Infection could occur via skin abrasions and splashes of infected material into the eye. The consumption of unpasteurized milk from infected cows and goats has accounted for small numbers of Q fever cases yet, in some instances, drinking infected raw milk has had an immunising effect in the absence of a clinical disease. Human to human infection is very uncommon as is infection from tick bites.
Inhalation of the organism, as a result of direct or indirect exposure to contaminated aerosols, is the most common mechanism of human infection.
Fine mists, or very small droplets; liberated from the blood, milk, urine, faeces, when the young are born and especially from the placenta and birth fluids of an infected animal; directly exposes humans to infected aerosols. Air samples from the vicinity of parturient animals and areas contaminated with heavily infected placentas have shown the organism will continue to be released, contaminating the environment for up to 2 weeks following the birth of young.
During the slaughter and processing of infected animals, fine mists can also be released into the air from the blood and when handling the udder, bladder, intestines and the uterus, foetus and other products of conception. Infection may also occur with exposure to contaminated water droplets or fine mists, dispersed when using high pressure hoses to wash infected material, or dust, from stock, building structures, animal transport vehicles and personal protective clothing such as boots and plastic aprons.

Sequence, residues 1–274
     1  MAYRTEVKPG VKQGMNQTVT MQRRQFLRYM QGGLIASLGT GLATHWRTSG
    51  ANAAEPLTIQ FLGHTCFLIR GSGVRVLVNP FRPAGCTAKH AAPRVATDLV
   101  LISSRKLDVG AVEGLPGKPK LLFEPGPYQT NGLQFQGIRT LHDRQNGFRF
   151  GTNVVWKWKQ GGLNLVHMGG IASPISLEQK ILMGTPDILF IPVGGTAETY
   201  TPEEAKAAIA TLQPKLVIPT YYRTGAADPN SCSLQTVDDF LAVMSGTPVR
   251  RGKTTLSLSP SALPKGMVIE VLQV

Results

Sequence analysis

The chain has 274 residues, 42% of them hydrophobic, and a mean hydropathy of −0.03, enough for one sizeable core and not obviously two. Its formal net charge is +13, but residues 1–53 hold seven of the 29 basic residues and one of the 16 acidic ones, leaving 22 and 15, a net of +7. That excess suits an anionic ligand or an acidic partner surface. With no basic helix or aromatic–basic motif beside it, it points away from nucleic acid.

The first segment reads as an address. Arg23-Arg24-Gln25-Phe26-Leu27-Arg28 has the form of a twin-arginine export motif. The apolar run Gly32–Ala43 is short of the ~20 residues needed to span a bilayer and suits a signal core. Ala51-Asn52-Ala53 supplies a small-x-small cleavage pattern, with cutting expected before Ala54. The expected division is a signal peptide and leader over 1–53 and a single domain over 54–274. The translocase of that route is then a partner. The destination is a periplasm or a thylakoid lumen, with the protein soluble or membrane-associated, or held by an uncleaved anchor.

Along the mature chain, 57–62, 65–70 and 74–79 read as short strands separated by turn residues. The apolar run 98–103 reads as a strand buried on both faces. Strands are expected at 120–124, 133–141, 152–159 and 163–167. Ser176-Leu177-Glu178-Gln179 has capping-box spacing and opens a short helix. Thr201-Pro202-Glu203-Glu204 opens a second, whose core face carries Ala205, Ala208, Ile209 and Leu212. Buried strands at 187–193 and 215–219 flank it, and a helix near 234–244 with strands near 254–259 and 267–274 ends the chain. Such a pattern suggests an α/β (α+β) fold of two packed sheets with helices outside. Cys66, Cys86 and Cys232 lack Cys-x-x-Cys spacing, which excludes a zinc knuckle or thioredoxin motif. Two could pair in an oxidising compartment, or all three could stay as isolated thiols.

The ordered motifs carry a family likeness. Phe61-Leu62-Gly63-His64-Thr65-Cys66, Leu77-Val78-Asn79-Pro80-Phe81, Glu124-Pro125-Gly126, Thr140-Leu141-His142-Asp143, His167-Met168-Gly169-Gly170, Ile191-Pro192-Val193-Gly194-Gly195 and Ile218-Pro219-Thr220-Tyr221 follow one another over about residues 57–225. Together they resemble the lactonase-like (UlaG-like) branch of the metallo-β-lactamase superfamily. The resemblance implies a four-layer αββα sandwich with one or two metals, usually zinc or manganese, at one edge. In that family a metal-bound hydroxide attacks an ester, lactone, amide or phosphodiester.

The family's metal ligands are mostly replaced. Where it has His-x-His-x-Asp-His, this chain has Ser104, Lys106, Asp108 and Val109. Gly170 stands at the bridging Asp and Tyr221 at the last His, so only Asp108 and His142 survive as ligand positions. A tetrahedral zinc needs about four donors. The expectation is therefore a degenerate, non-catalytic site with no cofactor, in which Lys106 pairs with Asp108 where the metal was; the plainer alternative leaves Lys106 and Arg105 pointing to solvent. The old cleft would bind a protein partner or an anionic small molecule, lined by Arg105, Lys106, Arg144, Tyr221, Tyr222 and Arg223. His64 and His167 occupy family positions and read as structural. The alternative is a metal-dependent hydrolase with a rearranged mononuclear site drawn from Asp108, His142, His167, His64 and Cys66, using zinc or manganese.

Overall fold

The larger droplets and released infected matter can collect on the animal’s hide, hair or fleece and heavily contaminate the ground 1 floor, surrounding area, nearby structures or machinery and such materials as straw and clothing. The lighter smaller droplets freely disperse into the air, and may be disseminated for some distance, before settling. These contaminated droplets and matter then dry to form a highly infectious dust.
Humans may inhale infected dust, formed from contaminated droplets and the organism-laden products from an infected animal, when it is blown (possibly for a kilometre or more) in dry and windy weather. The organism can be released into the air when handling materials, working within areas or on structures, that have been contaminated by infective dust. This dust may have collected during wind borne dissemination or as the result of direct contamination with infected products that have dried to form a dust. Moving animals in the yards, pens or holding paddocks and stock transport trucks can also raise infective dusts.
As the organism can endure harsh conditions for many months in a dried state; either in the ground or attached to buildings, machinery, stock transport vehicles, straw, wool, hides or work clothing; it is a constant, and often hidden, source of infection. Infected dust and dried matter may also be transported on the above mentioned materials and later, released into the air, exposing individuals outside of the recognised risk environments to infection.
Contaminated aerosols, whether they be infected dust or droplets, are considered extremely infectious. It is estimated that very small numbers of C. burnetii (possibly between one to ten organisms) are sufficient to cause Q fever in humans.